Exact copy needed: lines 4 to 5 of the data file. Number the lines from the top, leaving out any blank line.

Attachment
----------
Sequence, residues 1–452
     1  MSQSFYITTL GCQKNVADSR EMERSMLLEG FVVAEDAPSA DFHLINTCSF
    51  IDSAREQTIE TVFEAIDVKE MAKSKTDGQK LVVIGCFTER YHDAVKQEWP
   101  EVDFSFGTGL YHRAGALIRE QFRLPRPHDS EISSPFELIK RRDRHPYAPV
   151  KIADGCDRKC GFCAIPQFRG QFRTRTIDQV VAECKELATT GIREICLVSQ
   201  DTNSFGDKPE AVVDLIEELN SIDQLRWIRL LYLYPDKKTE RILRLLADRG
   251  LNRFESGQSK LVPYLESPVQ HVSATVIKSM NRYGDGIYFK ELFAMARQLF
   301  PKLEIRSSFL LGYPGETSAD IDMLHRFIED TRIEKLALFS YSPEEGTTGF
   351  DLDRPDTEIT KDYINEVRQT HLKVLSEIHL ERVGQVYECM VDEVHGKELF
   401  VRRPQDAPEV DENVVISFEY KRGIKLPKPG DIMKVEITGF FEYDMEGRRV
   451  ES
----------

   101  EVDFSFGTGL YHRAGALIRE QFRLPRPHDS EISSPFELIK RRDRHPYAPV
   151  KIADGCDRKC GFCAIPQFRG QFRTRTIDQV VAECKELATT GIREICLVSQ